Harcroft House Picture: Facebook / Strauss & Co
Cape Town – The entire contents of a 64-room mansion in Constantia, which has stood untouched for 70 years, will go under the hammer today.

Harcroft House is one of the last remaining grand residences in Constantia, and is a treasure trove of antiques and art. The emphasis of the collection lies in the oriental ivories, scroll paintings and furniture.

There is also a selection of Chinese and Japanese ivory carvings including a late 19th century tall Japanese ivory okimono of a reveller and a child, (R20 000-R30 000) and a pair of 19th century Chinese ivory carvings of archers (R15 000-R20 000).

The figures are visible in photographs of Harcroft, Perak prior to World War ii.

Previously owned by the Baxter family, who were influential in developing and cultivating the arts in Cape Town, the mansion was later purchased by British-born Charles Rycroft and his wife Muriel.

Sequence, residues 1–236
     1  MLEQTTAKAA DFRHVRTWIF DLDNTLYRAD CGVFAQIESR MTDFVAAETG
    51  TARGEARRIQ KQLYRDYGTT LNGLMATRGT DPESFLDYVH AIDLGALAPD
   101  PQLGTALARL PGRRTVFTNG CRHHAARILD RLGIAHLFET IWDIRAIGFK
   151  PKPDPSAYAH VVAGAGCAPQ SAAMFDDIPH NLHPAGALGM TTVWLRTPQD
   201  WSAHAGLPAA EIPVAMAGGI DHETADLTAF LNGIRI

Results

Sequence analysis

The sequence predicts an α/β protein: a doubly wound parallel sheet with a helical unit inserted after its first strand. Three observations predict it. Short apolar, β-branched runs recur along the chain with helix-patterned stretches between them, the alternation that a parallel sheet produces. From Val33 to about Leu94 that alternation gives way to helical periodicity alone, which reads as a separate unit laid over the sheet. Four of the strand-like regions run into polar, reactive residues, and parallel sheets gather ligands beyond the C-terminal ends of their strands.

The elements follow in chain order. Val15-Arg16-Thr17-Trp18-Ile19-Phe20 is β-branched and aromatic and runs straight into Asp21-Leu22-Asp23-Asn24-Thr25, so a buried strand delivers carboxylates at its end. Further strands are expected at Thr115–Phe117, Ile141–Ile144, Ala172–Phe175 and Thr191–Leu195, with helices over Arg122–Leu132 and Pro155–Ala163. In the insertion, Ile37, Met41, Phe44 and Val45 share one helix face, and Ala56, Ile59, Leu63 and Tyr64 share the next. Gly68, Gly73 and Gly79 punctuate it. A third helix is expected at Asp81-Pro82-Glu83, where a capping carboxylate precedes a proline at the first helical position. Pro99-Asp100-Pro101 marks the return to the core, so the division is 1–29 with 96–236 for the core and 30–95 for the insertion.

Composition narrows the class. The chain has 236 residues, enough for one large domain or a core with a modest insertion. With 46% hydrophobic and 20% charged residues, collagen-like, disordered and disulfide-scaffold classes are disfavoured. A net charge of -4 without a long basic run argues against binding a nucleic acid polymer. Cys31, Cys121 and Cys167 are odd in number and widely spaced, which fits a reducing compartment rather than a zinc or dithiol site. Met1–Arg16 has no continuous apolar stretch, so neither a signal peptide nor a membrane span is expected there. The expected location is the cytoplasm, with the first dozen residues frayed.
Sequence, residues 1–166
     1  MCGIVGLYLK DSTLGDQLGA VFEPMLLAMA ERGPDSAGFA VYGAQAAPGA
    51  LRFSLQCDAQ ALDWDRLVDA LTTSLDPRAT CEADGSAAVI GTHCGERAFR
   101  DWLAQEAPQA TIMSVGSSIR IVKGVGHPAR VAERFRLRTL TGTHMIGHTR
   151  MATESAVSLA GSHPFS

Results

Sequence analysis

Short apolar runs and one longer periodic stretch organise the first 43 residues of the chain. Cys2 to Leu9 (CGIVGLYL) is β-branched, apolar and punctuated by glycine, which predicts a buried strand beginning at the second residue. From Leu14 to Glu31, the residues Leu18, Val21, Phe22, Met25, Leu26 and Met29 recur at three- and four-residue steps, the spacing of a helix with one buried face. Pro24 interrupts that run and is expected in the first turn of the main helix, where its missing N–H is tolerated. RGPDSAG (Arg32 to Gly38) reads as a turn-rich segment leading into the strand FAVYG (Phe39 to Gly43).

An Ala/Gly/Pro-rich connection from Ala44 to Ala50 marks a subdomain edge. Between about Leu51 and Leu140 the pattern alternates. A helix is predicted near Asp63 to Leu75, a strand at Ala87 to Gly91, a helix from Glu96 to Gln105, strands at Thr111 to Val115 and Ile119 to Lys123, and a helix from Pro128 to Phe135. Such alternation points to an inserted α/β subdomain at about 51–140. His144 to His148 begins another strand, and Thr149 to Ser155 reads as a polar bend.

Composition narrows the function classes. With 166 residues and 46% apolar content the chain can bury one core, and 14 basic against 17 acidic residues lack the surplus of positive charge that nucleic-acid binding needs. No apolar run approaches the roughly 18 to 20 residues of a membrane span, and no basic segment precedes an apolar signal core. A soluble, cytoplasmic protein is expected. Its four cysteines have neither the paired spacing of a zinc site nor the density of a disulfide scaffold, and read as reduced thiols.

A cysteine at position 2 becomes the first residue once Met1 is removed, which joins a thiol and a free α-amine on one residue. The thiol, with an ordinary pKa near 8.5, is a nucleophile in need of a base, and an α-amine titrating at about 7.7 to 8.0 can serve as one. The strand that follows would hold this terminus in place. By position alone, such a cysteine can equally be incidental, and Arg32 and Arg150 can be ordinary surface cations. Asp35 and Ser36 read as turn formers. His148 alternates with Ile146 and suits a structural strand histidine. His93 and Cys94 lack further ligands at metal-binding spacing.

Rycroft ran Harcroft Rubber Estates Ltd in Perak, Malaysia, until the Japanese invasion in 1941.

Being forced to flee, they made their way to Singapore.

Muriel left on the last ship in February 1942 from there travelling via Bombay to Cape Town, while Charles was captured when Singapore fell in April of that year.

It was only in 1943 that Muriel received news that Charles was alive in Changi internment camp for civilians.

“After many trials and tribulations, they were reunited after the war and returned to Perak in 1946 to rebuild the plantation and factory.

“In the 1950s they retired to Cape Town and purchased a property in Constantia, which originally had formed part of Klaasenbosch Farm,” Strauss and Co, organisers of the auction, said.

Charles died in 1998 and Muriel left the house untouched to preserve his legacy, living there until her death in 2014, aged 106.

The auction will take place today. Session one is at 9.30am, session two at 12.30pm and session three at 4pm.

Contact for details: (0)216836560 Mobile +27 (0)780448185.

Cape Times